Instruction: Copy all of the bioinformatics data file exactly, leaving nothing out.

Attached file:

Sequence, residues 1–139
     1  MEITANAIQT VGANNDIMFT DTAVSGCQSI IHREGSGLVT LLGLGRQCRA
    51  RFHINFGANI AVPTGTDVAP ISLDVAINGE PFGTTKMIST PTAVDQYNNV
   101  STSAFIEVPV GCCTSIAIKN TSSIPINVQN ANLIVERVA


Sequence, residues 1–139
     1  MEITANAIQT VGANNDIMFT DTAVSGCQSI IHREGSGLVT LLGLGRQCRA
    51  RFHINFGANI AVPTGTDVAP ISLDVAINGE PFGTTKMIST PTAVDQYNNV
   101  STSAFIEVPV GCCTSIAIKN TSSIPINVQN ANLIVERVA